On September 7, a Japanese Coast Guard patrol boat tried to board and inspect a Chinese fishing boat in the territorial waters around the Senkaku (Diaoyu to China and Taiwan) Islands. A collision ensued as the fishing boat tried to escape. The patrol boat chased down the fishing boat in the adjacent EEZ*, arresting the captain for the crime of obstruction of performing a public duty. The rest of its crew were taken together with the boat for questioning to Ishigakijima, the nearest well-populated island in Okinawa.
I was curious to see how the Chinese side would react. The diplomatic response seemed par for the course: protests and claims of sovereignty over the uninhabited islands as well as demands for the release of the fishing boat and its crew, issued from the Chinese MOFA spokesman and ambassador in Tokyo and through the Japanese ambassador in Beijing. Meanwhile, the Chinese public also reportedly went into its usual routine consisting of angry media reports, public protests in front of the Japanese embassy, burning rage in chatrooms and the like. What occupied my thoughts were the possibility of boycotts of Japanese products and assaults on Japanese embassies and consulates and their personnel, and further actions that the Chinese authorities would take to keep such threats of civil unrest to a minimum.
The first and more alarming Chinese act was the September 9 announcement of the dispatch of a fishing observation vessel belonging to the Ministry of Agriculture to the Senkaku waters to protect Chinese fishing boats. Such an action may be standard practice for the Chinese authorities**, but it would set the two sides up for a clash the first time a Japanese patrol boat tries to board and inspect a Chinese fishing boat—one news report provides an estimate of 160 such boats plying the disputed waters at any time—and the Chinese observation vessel intervenes. Necessary for domestic consumption perhaps, but the Senkaku Islands are under the effective control of Japan, much the way the Northern Territories and Takashima are held by Russia and South Korea respectively. What happened to possession as nine points of the law? Oddly, Minister of Defense Hiromi Kitazawa stated during a press conference the following morning (September 10) that the Chinese observation vessel had already left the nearby waters. What gives?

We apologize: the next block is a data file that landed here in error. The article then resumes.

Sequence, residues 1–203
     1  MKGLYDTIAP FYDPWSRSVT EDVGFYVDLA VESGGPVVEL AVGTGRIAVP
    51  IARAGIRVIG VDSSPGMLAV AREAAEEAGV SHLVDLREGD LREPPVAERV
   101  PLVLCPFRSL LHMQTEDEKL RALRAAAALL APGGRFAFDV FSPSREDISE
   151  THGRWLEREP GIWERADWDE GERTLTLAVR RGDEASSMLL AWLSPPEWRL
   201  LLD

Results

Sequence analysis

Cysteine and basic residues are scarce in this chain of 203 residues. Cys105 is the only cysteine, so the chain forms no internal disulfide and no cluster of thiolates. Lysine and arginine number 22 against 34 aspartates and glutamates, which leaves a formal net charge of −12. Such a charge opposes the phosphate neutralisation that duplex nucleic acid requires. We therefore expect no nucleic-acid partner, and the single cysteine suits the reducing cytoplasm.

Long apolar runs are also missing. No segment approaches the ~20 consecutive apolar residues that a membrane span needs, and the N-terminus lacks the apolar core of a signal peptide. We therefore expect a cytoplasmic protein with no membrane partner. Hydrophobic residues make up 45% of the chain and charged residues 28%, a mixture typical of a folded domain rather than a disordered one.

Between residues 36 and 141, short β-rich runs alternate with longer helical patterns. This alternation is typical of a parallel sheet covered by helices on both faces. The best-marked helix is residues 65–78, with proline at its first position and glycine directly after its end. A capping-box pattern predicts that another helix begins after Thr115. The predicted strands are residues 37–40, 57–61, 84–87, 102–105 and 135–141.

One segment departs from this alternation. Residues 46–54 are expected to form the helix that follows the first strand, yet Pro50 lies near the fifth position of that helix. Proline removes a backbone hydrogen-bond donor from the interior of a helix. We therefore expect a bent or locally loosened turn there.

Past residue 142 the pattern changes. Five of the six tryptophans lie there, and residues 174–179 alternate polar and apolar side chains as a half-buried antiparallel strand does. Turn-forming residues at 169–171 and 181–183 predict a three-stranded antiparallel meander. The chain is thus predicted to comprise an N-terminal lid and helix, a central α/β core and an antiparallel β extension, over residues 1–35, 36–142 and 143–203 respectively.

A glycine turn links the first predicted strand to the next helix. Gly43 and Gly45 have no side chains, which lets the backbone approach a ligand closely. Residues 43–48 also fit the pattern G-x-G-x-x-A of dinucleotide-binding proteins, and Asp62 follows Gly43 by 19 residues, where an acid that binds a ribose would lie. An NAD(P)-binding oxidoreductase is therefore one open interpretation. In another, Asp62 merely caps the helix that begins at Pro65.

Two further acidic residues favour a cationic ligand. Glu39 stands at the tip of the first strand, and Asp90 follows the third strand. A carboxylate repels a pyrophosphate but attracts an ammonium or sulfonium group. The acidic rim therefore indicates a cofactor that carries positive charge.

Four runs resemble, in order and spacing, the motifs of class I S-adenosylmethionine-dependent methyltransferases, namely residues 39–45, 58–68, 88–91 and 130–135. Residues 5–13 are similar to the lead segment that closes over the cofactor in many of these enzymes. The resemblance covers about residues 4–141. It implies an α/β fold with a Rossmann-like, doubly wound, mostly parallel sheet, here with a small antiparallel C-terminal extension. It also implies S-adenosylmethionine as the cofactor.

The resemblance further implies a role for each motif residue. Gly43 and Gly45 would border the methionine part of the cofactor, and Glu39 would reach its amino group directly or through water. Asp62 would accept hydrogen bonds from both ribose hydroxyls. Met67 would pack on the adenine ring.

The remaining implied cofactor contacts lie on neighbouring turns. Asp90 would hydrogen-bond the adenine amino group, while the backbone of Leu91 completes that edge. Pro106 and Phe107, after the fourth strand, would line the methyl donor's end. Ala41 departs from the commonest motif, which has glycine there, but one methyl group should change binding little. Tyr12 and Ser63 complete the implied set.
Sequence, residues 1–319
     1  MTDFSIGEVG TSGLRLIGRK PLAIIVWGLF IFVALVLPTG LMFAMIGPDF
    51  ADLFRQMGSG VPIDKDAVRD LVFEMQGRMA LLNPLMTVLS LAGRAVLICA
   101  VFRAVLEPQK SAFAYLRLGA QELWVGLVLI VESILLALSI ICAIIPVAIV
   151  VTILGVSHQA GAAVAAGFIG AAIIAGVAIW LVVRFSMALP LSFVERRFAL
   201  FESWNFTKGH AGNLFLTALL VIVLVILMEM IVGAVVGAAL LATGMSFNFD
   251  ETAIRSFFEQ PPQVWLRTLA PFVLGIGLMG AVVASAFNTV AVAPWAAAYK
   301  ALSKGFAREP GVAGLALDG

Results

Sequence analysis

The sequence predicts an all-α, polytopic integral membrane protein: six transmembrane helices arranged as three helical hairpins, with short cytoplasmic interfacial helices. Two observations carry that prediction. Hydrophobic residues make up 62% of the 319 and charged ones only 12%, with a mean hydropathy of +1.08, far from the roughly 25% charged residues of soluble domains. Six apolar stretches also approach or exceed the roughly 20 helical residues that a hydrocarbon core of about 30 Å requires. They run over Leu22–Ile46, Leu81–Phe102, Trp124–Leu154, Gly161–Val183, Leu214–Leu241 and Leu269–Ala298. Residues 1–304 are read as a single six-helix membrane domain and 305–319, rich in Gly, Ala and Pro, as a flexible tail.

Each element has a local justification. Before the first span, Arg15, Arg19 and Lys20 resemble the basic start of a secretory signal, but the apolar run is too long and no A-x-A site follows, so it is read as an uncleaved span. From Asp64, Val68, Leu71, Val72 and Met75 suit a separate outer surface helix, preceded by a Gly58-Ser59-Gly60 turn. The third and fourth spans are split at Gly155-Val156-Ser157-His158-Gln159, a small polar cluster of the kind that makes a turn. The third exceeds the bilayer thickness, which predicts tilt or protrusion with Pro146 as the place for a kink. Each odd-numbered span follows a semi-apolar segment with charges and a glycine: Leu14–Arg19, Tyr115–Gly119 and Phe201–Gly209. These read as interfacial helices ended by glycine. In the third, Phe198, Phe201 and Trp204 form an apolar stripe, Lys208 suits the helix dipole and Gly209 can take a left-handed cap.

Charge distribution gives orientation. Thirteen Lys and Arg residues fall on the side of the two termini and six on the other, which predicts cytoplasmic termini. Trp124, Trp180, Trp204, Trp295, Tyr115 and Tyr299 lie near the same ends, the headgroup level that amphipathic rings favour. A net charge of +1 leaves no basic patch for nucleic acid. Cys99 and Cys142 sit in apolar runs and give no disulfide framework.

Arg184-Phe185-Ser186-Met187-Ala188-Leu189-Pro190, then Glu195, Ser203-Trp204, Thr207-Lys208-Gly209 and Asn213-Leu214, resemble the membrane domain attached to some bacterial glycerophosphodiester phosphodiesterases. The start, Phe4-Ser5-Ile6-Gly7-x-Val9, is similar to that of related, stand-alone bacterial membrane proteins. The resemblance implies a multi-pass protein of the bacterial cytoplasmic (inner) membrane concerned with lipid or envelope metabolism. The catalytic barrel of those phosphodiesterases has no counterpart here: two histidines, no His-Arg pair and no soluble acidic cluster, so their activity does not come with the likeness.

I suspect that the answer to the second question lies in the Chinese announcement the following day (September 11) that China was unilaterally postponing the bureau director-general level talks for a East China Sea gas field joint development treaty, scheduled during the second ten days of this month. Note that this is an issue on which the Chinese authorities have been dragging their feet forever, partly because of the highly negative response to the concession—largely illusory, as I have pointed out before on this blog, but Chinese netizens are not among my most avid readers—from the Chinese public. Thus, the announcement should play well with the Chinese public. The reaction from the Japanese public is less of a concern; collectively, they lack the nationalist fervor of their East Asia counterparts. Moreover, the Japanese authorities, at least a DPJ administration, could let the issue remain without closure and not suffer any political consequences as long as the Chinese side does not unilaterally begin commercial production on their side of the median line (at least if I understand the underlying economics correctly). So, if my reasoning is sound, the Chinese side has found the optimum solution to the conundrum: appease the Chinese public and government hardliners while minimizing the risk of escalation—you can be sure that the Japanese authorities do not have another tat for the Chinese tit—that could arise from Chinese action in waters controlled by the Japanese authorities.
That said, the large and growing number of Chinese fishing boats meeting the demands of an increasingly affluent domestic population is bound to increase the chances of similar incidents. And if any one of them results in a casualty, all bets are off.
* According to my recollection, one media report, which I cannot find, mentioned that a Maritime Self-Defense Force aircraft assisted in tracking the fishing boat. Some people are making calls for closer coordination between the civil-service Coast Guard and the “military” JSDF to meet such threats to Japanese sovereignty.
** According to media reports, the Chinese MOA observation vessels vary in size, at least one of them over 4000 tons, and are often armed. They have been active around the South China Sea and beyond, where China has aggressively pushed its territorial claims against several ASEAN member states, sometimes with military force.